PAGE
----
In today’s world, diets seem to be all the rage. Along with diets come protests and research to denounce their healthiness and discourage potential followers. Veganism, however, is not a fad diet. Vegetarianism, or at least evidence of it, has been around since the Greeks in 500 B.C. The first veganism concepts began to take hold in 1806 when doctors William Lambe and Percy Bysshe Shelley objected to eggs and dairy, according to vegansociety.com. Back then these people were called non-dairy vegetarians, until in 1944 when they coined the term vegan. While vegan is certainly becoming a more popular dietary choice, it is not new enough to be considered a fad. More importantly, is it actually healthy?
There are three essential food categories: lipids (fats), protein and carbohydrates. You need all three in varying degrees to be healthy, as well as a range of nutrients and vitamins. In theory, this is not hard to accept. So the question really becomes, can a vegan diet effectively provide enough of these components to stay healthy?
Lipids — healthy fats — can be found in avocados, nuts (walnuts, almond, pistachios), olive oil and flaxseed. A surprising number of vegetables contain protein and of course, there are always lentils and beans. As for carbohydrates, well, bread never hurt anybody to begin with, and it has always been delicious — bread is our friend. For a sweet treat, you can substitute applesauce and coconut oil in for butter and milk, add some walnuts and chia seeds and make brownies with all three of your food groups.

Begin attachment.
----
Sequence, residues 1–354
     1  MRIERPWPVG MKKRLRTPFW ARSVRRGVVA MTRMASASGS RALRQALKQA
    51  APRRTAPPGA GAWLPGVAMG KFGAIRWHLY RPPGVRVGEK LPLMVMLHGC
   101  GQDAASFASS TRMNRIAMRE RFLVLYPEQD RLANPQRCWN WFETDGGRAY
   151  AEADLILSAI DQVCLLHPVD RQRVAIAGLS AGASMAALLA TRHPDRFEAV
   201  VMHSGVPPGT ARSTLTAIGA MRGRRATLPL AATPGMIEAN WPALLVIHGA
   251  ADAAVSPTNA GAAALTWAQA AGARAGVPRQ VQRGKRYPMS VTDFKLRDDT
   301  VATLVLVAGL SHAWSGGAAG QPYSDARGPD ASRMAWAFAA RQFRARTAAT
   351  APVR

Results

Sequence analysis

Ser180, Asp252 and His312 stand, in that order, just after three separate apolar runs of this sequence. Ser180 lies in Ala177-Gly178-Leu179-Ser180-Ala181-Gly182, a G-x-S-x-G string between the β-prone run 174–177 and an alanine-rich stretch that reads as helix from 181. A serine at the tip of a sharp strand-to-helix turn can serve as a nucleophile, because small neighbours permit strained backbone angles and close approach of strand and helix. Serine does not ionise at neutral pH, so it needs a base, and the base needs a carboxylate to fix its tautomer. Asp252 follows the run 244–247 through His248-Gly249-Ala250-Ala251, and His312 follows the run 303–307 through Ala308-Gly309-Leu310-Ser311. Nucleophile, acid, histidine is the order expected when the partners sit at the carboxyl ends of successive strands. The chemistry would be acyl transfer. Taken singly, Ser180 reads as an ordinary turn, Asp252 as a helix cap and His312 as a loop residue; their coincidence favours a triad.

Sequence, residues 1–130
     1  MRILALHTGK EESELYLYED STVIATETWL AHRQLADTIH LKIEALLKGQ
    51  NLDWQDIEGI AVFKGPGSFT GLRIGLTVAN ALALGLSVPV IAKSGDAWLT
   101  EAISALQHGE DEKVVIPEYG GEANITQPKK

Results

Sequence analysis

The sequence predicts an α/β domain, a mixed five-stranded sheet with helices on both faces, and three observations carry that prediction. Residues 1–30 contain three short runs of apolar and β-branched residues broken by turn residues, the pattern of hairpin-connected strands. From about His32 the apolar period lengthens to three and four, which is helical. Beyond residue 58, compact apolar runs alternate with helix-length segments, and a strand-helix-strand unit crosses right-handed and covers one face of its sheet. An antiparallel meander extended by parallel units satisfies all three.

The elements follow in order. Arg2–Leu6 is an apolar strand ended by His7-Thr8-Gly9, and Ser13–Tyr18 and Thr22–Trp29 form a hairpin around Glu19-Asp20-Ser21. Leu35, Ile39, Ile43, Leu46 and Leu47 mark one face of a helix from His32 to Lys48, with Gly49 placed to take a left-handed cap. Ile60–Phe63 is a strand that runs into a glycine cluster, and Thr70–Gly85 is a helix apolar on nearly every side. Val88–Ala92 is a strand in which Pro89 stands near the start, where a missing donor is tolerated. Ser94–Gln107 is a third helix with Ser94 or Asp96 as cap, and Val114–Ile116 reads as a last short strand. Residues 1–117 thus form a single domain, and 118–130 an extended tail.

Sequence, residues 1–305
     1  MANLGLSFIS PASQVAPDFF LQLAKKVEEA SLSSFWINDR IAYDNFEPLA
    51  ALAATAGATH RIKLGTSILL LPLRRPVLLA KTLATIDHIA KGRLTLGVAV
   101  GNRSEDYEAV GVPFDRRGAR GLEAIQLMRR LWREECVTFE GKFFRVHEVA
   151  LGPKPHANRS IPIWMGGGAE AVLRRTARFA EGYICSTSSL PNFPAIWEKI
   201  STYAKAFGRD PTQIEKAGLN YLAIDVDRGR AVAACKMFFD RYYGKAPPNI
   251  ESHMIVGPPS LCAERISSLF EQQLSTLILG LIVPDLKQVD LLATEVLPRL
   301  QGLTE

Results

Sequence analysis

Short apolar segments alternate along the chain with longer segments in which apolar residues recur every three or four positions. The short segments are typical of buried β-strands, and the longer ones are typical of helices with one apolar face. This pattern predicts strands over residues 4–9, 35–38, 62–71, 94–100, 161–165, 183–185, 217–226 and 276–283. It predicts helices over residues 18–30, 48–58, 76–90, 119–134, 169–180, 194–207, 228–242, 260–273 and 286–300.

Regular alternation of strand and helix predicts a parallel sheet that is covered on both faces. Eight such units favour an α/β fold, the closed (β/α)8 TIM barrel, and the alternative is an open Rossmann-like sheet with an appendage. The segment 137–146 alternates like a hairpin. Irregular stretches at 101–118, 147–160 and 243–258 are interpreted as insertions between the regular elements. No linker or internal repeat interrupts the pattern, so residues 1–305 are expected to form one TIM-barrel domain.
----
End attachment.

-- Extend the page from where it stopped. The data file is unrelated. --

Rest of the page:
Speaking of substituting ingredients, we are inarguably in the age of veganism. There are so many substitutes for burgers, eggs, mayonnaise, butter, milk, yogurt and even ice cream. Smith’s has an entire section of organic, gluten-free, dairy-free and vegan items. They even have soft chocolate cookies that are to die for. Whole Foods, Sprouts and Trader Joe’s are also all within Trax routes and are full of vegan options. The only caveat to this lifestyle is you should really enjoy cooking before you decide to go vegan.
Unfortunately, the holidays are the hardest time to be vegan. Candy at Halloween and turkey at Thanksgiving and Christmas. Is it worth it to participate in the holidays when you can’t participate in the best part — the food? Sky Kawai is a junior at the University of Utah studying musical theater who is also pre-medicine. He began the vegan lifestyle several years ago when his father’s best friend was forced to cut out animal products as a means to fight cancer. He says being vegan helps his “body to run more efficiently.” His skin cleared and he lost weight that he has since regained in muscle. He doesn’t think veganism is terribly difficult. He cooks about four times a week and says Google has been a lifesaver. His favorite vegan dish is cauliflower hot wings, and his favorite vegan treat is pumpkin chocolate chip cookies.
“Thanksgiving is hard because the substitutes for the classic meal don’t live up [to the standard],” Kawai said. “But Christmas is fine because [I] can eat anything deliciously vegan.”
Being vegan is essentially being a food hipster. This fairly old tradition is being reinvented and revamped into a new form every day. You’re not losing out on much if you’re being healthy and with how easy it is to find substitutes, you aren’t giving up too much. Get on the train — or off as it were — and think about a vegan holiday season this year.